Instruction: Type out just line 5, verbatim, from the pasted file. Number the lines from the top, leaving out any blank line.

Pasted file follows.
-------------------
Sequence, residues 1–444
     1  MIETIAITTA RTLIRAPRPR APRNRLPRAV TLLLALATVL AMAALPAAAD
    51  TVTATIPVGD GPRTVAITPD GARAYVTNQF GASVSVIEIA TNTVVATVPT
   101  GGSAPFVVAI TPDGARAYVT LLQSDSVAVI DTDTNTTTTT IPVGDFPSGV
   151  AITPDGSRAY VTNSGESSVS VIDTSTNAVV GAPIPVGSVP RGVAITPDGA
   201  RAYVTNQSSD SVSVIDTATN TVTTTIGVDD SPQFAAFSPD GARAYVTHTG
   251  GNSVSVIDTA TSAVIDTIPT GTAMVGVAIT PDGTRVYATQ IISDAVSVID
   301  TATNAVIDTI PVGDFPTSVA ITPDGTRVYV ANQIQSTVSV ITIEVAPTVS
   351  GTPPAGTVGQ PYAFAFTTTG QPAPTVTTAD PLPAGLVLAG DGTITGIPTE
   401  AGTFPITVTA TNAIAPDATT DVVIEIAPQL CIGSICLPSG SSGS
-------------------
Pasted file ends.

   151  AITPDGSRAY VTNSGESSVS VIDTSTNAVV GAPIPVGSVP RGVAITPDGA